So one of the really fun things about getting tatttooed by Matt yesterday is that it brought back all sorts of art memories from the ancient past… and then Saira and I pulled an old box out of my storage space and I found some pictures. The two kind of cruddy paintings below (I think about 6'x6' each but I'm not sure) were part of my highschool work, circa 1990…
In retrospect, my highschool art program was incredibly cool, and I don't think it would ever be tolerated today. With full knowledge of school officials, my final year's art project was largely on the effects of LSD on painting and sculpture, with a secondary focus on blood art, so I actually did acid at school while working on the project for the entire semester, under teacher “supervision”. But it did end up getting me a scholarship so I guess it wasn't such a terrible idea? I mean, all of my grades were 92% and up, and several of my courses I literally wrote a perfect test every time and ended up with a hundred percent in those. So while the school played loose with the rules, I got a great education from teachers that took serious risks to allow me to express myself and do well at the same time.
Anyway, I've written in the past about how I once “poisoned” my university peers as a part of my performance art class — please read the crazy story first if you don't know what I'm referring to. Anyway, as I mentioned a few entries earlier, I dropped out of school after the first year, preferring dealing drugs and stealing to going to school (yeah, ok, maybe it was a terrible idea after all to do so much acid in highschool — but I do have some funny memories of being on acid, spending the day tossing bales of hay, as my mother accused me repeatedly of being high). In any case, on to the story.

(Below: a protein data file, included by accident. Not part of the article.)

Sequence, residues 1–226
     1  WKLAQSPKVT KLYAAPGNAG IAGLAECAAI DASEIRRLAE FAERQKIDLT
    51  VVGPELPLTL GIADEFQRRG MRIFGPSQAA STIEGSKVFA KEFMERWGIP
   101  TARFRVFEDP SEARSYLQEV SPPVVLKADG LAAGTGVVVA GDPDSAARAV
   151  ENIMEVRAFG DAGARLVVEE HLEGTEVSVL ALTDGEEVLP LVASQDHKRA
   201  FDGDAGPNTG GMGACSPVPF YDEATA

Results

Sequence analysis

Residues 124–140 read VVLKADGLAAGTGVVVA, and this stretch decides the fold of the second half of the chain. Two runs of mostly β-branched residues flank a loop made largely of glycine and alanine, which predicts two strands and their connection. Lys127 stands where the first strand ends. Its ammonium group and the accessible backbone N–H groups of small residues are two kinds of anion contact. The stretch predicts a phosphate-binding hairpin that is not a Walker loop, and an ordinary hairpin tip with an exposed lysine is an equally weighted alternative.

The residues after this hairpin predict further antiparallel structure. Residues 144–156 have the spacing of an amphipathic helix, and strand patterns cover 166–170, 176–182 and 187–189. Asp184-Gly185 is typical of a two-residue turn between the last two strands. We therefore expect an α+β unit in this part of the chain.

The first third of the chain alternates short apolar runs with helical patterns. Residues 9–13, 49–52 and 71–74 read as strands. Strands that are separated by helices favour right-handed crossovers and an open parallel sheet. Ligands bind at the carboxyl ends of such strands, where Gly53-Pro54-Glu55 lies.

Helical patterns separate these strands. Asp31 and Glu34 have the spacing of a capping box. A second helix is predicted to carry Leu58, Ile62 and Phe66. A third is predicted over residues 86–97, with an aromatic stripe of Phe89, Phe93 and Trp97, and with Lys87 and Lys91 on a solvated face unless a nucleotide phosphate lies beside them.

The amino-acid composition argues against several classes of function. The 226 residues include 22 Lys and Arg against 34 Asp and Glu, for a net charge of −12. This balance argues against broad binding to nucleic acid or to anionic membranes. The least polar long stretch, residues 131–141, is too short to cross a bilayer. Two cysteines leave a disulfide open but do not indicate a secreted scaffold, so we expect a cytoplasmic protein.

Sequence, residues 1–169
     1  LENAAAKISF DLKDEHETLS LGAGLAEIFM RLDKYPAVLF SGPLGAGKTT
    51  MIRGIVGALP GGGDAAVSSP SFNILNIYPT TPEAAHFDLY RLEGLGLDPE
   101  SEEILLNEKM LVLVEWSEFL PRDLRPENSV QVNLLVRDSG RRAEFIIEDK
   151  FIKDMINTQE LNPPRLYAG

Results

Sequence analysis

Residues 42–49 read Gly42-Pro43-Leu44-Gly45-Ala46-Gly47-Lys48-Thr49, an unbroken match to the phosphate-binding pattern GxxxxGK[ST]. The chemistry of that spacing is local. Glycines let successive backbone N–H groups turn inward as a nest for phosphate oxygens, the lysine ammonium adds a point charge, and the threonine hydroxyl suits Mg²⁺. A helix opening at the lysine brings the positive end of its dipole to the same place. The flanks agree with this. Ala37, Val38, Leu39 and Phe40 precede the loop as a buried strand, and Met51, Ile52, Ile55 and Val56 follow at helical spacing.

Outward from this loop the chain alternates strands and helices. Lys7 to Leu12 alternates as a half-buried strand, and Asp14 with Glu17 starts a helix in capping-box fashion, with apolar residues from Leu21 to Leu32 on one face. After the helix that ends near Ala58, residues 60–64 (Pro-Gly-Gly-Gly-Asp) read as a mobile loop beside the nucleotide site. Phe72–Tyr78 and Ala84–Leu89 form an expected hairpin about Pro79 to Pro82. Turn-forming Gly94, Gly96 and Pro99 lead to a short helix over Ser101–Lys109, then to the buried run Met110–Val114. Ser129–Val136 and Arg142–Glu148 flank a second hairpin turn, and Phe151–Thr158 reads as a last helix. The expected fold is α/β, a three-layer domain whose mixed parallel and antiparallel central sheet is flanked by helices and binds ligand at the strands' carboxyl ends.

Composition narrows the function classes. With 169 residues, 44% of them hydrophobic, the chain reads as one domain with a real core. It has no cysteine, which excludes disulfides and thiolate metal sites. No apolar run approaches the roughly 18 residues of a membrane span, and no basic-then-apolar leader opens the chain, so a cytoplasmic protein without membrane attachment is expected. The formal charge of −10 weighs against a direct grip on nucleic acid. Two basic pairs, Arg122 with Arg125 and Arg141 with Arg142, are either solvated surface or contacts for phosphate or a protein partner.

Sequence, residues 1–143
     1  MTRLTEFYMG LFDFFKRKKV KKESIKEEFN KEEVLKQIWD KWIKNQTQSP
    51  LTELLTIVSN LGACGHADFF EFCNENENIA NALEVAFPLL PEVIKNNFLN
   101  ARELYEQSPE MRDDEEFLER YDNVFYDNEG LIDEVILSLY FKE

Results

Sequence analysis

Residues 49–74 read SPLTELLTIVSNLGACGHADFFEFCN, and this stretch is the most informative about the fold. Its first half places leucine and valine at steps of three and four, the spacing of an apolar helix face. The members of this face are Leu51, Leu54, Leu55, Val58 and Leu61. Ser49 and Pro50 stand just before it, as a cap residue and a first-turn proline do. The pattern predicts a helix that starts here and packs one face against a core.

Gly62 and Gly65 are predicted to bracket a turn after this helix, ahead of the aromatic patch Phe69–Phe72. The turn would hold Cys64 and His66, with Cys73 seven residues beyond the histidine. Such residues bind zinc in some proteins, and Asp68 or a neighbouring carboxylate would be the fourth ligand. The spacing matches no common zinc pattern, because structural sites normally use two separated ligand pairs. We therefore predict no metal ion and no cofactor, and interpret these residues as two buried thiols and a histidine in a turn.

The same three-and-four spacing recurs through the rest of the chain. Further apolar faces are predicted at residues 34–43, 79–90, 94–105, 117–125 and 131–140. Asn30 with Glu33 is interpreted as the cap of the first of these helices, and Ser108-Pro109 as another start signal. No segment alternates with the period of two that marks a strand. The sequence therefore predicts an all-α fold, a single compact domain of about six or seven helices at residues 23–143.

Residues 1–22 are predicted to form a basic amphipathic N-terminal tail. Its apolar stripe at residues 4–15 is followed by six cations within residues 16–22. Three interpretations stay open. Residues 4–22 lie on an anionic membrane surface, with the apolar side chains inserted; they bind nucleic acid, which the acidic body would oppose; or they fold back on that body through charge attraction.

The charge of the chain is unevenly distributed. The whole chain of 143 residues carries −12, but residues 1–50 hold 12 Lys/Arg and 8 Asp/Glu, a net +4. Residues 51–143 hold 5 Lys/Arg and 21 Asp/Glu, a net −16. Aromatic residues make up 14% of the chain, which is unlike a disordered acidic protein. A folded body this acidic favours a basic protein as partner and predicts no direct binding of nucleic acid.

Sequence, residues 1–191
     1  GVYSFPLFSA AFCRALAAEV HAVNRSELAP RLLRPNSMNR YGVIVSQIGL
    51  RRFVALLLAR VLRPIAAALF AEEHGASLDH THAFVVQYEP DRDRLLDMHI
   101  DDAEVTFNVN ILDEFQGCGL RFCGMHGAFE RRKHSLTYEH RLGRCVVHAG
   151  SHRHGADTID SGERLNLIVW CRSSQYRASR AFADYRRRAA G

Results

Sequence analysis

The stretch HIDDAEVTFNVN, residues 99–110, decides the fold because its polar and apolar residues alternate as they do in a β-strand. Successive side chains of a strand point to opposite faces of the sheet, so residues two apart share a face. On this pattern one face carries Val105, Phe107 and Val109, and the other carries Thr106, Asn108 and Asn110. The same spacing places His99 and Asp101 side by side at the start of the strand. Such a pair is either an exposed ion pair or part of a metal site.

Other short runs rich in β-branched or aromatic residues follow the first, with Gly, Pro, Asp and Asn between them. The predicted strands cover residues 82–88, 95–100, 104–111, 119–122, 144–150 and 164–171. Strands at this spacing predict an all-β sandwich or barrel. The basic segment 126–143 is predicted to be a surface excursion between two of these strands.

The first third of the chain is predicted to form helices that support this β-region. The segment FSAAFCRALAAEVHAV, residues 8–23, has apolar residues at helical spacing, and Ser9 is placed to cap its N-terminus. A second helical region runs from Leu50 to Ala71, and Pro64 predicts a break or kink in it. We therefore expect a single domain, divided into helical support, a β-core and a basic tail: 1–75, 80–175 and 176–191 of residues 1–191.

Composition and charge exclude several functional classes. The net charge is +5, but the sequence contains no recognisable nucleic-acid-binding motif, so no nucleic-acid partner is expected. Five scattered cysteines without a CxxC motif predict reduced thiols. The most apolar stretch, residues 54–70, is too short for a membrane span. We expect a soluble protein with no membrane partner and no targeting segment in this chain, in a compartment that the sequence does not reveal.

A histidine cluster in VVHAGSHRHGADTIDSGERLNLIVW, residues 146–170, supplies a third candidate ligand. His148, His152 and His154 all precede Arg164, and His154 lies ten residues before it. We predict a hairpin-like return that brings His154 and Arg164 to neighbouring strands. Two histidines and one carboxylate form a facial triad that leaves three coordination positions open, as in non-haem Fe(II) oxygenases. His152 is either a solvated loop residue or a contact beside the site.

So what I didn't know, but have now found out because Matt managed to stick it through the program, is that every year since then they have told performance art students that they are not allowed to do “shock art”. The more I think about that, the more angry it's been making me. Outside of calling what I did “shock art” being incredibly insulting and shallow, banning the class from creating meaningful and high impact art is the absolute worst lesson that an art school could possibly teach.
REAL ART HURTS YOU.
REAL ART CHANGES YOU.
REAL ART SAVES YOU.
And for the artist, real art eventually kills you.
I'm not saying that you can't create something of beauty, but I don't know if all created things of beauty are art (I'm not convinced that most of what I paint is art). Anyway, I think that once you start defining art broadly, it's all art if you feel like calling it art, and then what's the fucking point unless you're an artist as a stepping stone to becoming a zen master.
The statement that I was trying to make with my performance (outside of “fuck you all”, which was a big part of it) was that we live in an incredibly dangerous world, that we're constantly faced with serious risks, and that most people are so stupid that even if they're warned in advance that something is dangerous, they still do it, and don't consider the risk until it personally strikes them. And I believe I pulled that off, because most of the kids in the class freaked out and called their parents and told them they had AIDS, and spent the next year getting tested. As far as I'm concerned, that project probably made half of those kids wear condoms for the next few years, and I'm assuming there's a real good chance that a few of them found out they had undiagnosed STDs. So as far as I'm concerned, my art changed the course of their lives, and that's as effective and valid as you get with performance art.
And fuck any school that tries to ban art while still maintaining the pretence of a legitimate art program.
Eh, maybe I'm just an art bigot or something.